A dazzling graphic novel about the power of a child’s imagination, Nothing shows that worlds exist in what’s unsaid.
Every day is an adventure for those with boundless imaginations, as a boy shows in Michael Molinet’s exciting graphic novel for young readers, Nothing.
A boy and his mother have a nighttime ritual of discussing his day, but their takes on its situations vary widely. As she inquires about his morning routines, time at school, and after school experiences, she believes she’s getting too taciturn responses: her son replies “nothing” to most first questions. Further prodding results in somewhat expanded answers, but to her, they seem to amount to the mundane: he had breakfast, learned a little, and played in the creek with a new friend. She tries to reassure him that more exciting days will come, but oh: if she could see inside his head! A “nothing” day, the boy knows, is never really “nothing.”
Molinet’s dazzling graphic novel panels show the boy whizzing through adventure after adventure in his mind: getting up is equated to bouncing into a bright world, wherein everything is a challenge, and every accomplishment—even ones as simple as getting dressed—carries its own rewards. Images evocative of movie sets and science fiction dreams show him skipping between experiences in his mind, and each is as boisterous as the next. He imagines his teachers as aliens, the school playground as an extra-planetary space, and a school assembly as in intergalactic arena. Viking ships glide through his thoughts, as do unicorns, lions, and fairy hovels. He can’t wait for more of these supposedly humdrum routines.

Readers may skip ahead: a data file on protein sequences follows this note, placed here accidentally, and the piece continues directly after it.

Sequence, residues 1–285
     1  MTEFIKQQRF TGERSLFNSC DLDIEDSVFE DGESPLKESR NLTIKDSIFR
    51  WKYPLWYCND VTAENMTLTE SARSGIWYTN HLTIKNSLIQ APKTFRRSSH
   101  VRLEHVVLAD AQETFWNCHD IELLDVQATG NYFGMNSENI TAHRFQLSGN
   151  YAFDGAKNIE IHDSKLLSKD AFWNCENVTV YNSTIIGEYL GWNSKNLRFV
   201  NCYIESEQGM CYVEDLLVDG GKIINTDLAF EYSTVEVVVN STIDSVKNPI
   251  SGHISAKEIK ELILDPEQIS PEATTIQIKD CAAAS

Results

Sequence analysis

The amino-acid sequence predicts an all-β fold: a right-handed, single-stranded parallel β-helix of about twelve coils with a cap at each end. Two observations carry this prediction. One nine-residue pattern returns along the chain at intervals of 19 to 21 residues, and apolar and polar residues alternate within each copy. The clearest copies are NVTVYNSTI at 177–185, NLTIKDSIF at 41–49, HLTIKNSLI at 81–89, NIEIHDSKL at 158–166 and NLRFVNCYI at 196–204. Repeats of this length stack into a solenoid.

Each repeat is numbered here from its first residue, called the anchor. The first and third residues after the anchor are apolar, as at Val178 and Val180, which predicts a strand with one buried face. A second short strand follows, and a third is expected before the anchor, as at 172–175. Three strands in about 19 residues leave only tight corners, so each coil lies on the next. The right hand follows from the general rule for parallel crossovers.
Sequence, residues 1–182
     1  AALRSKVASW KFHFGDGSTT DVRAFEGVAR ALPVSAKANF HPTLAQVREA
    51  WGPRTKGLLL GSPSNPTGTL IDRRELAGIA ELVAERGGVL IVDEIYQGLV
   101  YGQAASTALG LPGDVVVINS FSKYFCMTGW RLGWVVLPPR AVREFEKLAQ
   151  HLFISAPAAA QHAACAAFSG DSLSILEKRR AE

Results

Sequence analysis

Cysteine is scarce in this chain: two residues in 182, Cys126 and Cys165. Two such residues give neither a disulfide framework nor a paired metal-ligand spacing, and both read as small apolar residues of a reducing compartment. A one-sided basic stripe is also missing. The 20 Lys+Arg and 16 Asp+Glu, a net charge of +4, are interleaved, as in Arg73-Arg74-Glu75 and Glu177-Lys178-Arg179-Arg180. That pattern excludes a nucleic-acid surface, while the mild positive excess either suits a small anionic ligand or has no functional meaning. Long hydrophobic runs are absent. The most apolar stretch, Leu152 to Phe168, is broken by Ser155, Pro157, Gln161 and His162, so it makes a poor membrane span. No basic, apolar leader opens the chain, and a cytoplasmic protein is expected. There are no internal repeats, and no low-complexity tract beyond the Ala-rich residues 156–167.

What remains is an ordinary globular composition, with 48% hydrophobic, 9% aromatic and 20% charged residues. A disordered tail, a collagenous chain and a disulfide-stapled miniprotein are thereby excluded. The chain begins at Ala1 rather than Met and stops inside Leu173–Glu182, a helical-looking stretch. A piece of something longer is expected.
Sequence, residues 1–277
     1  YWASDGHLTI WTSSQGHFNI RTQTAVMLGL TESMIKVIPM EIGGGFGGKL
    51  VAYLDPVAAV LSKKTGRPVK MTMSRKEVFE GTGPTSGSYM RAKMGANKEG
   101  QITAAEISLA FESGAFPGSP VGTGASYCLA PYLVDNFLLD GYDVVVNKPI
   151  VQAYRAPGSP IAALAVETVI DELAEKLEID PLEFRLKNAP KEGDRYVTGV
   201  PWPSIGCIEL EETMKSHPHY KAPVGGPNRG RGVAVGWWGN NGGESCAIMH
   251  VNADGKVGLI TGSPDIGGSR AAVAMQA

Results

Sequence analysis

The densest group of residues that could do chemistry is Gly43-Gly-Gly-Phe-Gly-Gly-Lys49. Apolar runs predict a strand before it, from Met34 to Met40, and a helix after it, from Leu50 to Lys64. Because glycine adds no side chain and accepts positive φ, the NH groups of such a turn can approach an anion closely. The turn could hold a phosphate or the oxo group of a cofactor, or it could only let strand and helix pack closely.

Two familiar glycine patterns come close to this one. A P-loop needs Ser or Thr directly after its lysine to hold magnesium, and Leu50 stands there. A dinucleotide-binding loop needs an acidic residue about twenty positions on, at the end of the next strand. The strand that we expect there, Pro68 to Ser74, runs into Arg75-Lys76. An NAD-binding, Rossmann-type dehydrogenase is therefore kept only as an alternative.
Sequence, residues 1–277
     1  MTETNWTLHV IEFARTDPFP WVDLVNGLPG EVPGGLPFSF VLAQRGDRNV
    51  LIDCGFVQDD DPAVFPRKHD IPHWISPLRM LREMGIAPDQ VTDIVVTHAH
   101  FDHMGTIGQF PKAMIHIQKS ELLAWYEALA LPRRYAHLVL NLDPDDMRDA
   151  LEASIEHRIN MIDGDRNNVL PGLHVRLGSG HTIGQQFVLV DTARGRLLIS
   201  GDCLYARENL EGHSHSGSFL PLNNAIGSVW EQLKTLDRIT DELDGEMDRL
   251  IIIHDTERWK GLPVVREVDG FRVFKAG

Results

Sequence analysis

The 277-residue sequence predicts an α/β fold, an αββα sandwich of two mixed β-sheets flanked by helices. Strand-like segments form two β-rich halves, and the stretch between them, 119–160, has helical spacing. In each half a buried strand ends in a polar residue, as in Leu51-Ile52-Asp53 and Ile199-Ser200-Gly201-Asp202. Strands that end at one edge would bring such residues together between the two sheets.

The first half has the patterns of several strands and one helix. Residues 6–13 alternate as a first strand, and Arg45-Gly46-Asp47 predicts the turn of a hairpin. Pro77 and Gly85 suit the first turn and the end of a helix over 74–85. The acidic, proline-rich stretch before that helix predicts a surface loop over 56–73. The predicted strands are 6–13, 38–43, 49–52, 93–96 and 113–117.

A glorious depiction of the wonders that exist in the spaces between what children choose to articulate, and the dreams they opt to hold close, Molinet’s graphic novel is one that rewards visual attention—and that encourages careful listening. Though the boy’s mother is a supportive figure, she remains at the periphery of his escapades—a black and white being in a world awash with color. There’s love throughout their exchanges, but also a sense of an unbridgeable gulf. Though the story ends with buzzing expectations for expeditions yet to come, there’s also a slight sense of sadness because of this.
A boy’s wide imagination has an alchemistic impact on his daily routines in the exciting, melancholy graphic novel Nothing.
Michelle Anne Schingler
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